Yes, that's what I intended. In a post a few years ago, I wrote something to the effect of "...let me ask the cognoscenti (a synonym for FReepers) here about..."
Could be, but by 1970, the recording arts had advanced by orders of magnitude over just a few years earlier. No doubt, the Motown recordings of that time were being done in state of the art studios with the latest multi-track equipment and sound processing gear.
That was a time of exponential improvement in the technology.
It's always good to converse with you Windflier, whether it be a lighter subject such as this one or the more serious issues. Thanks for filling me in and I'm glad the song brought back some memories.
A common issue here on FR with many viewpoints. I find Wiki to be quite helpful on technical matters and a lot of history and culture. It is especially good when you are justing looking up basic facts, e.g., names/dates/places. Sadly, 1 has to live long enough to store enough life experience in the gray matter to develop a sense when a Wiki entry is badly biased.
Leftists may own and run Wiki, but the myriad of info that can be found there is invaluable if you need to know something about practically anything. Just be warned that since the users like me and you and anyone else with any agenda are free to edit articles on Wiki the political stuff there is not to be trusted.
But who’s going to lie on Wiki about a song or a musical artist? After all, it’s just trying to be an online encyclopedia.
Furthering your point on that, here's the 1954 recording of Elvis Presley's That's Alright (Mama), recorded at the modest Sun Records studio in Memphis. It's a classic, a groundbreaking song but compared to "Papa Was a Rolling Stone" of 20 years later, the technology available to Sam Phillips was far less advanced.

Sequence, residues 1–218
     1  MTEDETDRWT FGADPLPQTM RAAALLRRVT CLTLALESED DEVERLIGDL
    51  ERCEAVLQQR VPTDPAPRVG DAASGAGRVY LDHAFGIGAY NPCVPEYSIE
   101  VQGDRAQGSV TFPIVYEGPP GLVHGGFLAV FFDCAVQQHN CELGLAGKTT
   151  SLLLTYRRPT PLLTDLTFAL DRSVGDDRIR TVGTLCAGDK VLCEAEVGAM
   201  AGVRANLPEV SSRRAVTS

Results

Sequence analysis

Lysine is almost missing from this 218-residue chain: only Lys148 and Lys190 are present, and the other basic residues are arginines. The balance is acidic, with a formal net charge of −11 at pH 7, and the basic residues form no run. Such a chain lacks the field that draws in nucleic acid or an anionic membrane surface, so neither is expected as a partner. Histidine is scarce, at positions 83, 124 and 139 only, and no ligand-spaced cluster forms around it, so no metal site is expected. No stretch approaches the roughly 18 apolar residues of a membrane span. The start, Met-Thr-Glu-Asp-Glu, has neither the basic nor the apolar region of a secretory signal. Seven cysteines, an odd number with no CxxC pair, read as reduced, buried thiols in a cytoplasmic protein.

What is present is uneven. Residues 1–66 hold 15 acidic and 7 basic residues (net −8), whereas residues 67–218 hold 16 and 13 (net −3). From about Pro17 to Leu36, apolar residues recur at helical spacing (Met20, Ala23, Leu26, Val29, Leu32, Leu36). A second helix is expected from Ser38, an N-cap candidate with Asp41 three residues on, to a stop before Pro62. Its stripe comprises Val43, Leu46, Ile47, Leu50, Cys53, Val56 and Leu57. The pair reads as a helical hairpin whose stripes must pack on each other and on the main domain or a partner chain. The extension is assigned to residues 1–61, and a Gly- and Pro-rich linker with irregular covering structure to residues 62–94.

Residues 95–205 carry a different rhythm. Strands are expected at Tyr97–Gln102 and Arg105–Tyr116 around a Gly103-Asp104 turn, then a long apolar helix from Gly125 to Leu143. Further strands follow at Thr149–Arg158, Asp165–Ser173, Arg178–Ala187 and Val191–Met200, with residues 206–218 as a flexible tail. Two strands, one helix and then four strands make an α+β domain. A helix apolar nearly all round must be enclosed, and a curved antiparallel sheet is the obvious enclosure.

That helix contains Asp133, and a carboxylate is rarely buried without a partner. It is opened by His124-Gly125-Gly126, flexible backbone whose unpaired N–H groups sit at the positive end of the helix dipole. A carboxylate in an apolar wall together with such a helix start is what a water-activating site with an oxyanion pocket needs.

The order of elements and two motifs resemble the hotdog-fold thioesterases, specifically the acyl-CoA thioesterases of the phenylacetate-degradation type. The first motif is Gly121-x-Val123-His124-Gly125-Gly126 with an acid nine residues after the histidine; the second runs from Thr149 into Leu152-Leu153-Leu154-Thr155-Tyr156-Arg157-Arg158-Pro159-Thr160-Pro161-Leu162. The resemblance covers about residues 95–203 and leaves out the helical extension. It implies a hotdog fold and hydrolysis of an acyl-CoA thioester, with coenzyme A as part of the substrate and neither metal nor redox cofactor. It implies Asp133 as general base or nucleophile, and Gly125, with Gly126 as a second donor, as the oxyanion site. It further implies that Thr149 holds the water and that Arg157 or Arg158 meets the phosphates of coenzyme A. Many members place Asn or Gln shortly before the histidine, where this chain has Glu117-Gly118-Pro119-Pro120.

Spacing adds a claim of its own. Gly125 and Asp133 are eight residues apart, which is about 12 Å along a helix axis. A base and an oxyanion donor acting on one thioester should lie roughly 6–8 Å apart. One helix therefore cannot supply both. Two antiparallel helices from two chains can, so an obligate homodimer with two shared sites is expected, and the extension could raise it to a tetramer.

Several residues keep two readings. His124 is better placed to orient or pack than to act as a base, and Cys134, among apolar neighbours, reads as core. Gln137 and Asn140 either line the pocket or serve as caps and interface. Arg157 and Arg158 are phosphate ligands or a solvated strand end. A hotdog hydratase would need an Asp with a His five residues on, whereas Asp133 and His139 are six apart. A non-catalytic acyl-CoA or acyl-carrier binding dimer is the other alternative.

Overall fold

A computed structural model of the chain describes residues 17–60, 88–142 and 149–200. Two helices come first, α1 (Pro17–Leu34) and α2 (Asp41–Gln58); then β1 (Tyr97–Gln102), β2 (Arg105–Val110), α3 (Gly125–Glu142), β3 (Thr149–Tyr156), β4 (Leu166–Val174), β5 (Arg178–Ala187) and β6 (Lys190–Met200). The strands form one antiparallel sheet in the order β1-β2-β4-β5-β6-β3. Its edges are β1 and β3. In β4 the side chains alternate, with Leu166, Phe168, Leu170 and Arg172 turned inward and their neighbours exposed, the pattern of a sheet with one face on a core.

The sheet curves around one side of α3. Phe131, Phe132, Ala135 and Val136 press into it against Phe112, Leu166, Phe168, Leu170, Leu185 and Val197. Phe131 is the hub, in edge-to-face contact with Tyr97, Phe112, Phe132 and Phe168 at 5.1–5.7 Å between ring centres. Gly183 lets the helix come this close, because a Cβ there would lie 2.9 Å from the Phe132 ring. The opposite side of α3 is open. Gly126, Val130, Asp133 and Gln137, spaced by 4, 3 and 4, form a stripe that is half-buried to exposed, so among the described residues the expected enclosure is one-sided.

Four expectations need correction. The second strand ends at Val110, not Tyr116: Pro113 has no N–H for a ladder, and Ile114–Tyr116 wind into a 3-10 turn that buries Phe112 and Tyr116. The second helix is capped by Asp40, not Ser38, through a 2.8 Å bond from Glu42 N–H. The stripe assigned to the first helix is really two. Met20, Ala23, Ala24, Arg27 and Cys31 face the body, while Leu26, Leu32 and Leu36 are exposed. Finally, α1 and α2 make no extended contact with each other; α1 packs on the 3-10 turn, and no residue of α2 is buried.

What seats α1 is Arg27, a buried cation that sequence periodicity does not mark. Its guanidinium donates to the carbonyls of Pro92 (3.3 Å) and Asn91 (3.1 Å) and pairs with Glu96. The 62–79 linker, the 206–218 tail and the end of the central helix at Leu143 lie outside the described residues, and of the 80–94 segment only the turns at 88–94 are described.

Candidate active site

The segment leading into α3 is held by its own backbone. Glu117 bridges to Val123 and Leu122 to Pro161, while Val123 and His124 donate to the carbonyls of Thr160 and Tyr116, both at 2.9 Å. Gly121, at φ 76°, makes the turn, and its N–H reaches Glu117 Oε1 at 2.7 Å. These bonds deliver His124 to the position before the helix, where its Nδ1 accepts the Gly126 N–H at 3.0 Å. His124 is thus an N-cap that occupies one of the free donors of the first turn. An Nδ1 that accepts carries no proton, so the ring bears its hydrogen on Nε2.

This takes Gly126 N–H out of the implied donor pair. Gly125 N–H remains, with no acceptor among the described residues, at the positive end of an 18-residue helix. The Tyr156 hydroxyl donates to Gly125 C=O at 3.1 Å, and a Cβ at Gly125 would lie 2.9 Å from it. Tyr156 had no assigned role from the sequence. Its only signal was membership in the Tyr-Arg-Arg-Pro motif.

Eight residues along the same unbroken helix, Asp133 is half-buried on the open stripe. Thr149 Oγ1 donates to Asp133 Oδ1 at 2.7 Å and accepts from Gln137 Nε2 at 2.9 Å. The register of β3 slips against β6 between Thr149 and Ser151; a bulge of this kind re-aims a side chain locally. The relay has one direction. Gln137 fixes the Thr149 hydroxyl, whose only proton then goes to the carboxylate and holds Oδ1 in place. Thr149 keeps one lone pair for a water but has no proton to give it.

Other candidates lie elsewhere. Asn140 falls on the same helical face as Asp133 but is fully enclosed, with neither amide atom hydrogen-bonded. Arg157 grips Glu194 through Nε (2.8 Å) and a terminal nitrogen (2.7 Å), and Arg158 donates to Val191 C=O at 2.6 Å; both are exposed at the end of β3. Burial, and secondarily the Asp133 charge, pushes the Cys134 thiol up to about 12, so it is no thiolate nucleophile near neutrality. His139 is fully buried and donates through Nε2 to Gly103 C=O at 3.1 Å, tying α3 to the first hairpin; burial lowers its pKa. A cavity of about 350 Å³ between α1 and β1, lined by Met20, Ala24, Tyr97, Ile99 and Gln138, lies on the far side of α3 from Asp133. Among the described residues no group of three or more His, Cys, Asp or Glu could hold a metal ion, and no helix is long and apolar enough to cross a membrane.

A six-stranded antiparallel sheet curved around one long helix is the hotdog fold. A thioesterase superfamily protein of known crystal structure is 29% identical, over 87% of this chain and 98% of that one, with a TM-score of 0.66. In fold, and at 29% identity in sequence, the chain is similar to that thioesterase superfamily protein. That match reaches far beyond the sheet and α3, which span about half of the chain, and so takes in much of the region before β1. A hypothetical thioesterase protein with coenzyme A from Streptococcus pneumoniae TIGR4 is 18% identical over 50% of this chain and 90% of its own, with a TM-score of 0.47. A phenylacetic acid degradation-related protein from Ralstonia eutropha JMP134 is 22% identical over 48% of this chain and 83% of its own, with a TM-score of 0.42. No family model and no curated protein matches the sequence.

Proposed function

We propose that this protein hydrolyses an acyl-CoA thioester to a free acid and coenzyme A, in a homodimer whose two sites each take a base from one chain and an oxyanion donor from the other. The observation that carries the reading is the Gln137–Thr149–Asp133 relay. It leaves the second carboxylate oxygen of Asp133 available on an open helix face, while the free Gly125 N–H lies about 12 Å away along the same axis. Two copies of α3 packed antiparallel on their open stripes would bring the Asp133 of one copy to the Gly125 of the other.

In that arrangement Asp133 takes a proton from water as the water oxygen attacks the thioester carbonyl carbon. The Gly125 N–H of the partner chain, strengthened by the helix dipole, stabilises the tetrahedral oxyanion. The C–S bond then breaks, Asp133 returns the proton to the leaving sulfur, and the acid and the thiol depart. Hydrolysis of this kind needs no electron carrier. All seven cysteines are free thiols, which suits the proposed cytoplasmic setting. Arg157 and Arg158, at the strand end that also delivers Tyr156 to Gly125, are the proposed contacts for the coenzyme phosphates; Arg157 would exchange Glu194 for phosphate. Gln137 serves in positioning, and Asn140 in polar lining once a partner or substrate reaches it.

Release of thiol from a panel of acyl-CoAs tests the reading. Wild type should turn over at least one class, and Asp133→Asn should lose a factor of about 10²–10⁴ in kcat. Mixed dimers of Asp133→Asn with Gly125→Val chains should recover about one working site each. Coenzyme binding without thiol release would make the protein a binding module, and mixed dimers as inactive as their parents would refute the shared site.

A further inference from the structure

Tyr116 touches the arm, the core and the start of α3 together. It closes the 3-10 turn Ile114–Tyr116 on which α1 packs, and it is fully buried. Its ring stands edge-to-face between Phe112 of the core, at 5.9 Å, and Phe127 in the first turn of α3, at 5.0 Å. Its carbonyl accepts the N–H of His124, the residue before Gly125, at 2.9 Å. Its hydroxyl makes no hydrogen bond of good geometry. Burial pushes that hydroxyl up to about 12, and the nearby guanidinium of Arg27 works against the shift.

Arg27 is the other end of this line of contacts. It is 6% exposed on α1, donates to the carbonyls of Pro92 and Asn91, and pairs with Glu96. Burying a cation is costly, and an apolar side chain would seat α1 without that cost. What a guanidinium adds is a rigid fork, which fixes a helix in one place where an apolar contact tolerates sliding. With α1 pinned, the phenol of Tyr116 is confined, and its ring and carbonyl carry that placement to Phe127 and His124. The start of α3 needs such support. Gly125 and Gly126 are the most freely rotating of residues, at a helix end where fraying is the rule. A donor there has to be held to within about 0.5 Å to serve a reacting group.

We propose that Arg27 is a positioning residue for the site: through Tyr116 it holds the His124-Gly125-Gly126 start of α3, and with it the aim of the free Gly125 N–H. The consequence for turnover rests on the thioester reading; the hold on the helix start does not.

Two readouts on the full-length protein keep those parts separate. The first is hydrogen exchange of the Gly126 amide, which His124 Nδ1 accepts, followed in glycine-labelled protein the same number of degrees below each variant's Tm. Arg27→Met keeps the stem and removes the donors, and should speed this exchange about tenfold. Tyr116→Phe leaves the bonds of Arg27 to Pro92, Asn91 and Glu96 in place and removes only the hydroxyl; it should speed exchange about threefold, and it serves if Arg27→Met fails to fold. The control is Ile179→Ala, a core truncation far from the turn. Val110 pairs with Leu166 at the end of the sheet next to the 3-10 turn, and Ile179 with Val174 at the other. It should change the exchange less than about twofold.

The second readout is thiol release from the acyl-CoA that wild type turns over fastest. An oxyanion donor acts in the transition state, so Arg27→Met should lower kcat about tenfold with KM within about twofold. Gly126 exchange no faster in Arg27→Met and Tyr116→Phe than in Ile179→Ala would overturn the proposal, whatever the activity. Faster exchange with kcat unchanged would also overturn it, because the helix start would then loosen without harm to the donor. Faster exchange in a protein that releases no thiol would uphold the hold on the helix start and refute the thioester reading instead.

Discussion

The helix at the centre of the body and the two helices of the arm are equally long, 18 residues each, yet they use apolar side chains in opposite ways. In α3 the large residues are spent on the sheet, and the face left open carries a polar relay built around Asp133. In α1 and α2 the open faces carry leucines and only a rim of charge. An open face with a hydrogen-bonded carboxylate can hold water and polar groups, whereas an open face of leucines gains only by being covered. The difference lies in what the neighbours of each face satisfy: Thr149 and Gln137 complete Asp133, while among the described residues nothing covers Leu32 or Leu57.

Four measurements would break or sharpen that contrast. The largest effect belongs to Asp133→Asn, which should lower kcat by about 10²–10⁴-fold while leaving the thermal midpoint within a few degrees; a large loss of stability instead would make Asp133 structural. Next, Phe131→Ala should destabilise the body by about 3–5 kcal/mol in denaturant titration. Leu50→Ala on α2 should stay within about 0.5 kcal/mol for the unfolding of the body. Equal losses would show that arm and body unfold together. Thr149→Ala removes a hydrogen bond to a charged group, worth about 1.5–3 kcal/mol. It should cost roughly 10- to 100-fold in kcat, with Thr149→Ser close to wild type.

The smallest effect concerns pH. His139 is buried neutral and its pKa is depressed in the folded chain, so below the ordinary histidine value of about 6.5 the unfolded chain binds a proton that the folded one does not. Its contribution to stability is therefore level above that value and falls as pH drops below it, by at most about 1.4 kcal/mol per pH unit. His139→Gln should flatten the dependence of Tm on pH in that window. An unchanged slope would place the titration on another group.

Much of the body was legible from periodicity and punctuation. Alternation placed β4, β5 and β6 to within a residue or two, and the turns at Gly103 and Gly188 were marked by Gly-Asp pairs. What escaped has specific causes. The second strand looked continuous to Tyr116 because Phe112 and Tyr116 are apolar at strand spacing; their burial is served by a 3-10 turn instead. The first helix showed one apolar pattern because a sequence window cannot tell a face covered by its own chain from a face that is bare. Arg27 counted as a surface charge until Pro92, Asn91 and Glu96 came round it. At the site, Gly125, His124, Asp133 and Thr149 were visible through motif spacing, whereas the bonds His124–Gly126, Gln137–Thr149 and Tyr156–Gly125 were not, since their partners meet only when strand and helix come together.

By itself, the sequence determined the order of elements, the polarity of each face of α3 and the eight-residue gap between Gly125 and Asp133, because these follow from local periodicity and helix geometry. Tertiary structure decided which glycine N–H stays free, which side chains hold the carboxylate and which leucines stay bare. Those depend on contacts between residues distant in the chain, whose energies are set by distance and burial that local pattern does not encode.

That said, with today's technology, I think the type of musicianship heard on the Elvis song and later with The Temptations too often is secondary to technical virtuosity. There's something basic and just plain "good" about the spartan sound of Presley and the straightforward playing of the band (The Tennessee Two?) not altered by autotune and the rest of the modern marvels.
A couple of interesting facts about that song. First, the Temptations version was the second one. It was originally done by The Undisputed Truth in 1971, but didn’t do well, so the Temps redid it a year later.
Also Dennis Edwards of the Temptations at first refused to do it because of the line It was the third of September/That day Ill always remember/cause that was the day/that my daddy died. He said that was the date his dad actually did die, and thought the writers did it on purpose. He finally did the song. As it turned out he misremembered, his dad actually died on Oct. 3.
Why do you say that? Are painting a target on yourself?
The Temptations did not like the fact that Whitfield's instrumentation had been getting more emphasis than their vocals...
And it was the two lengthy instrumental portions of the song that most captivated my interest.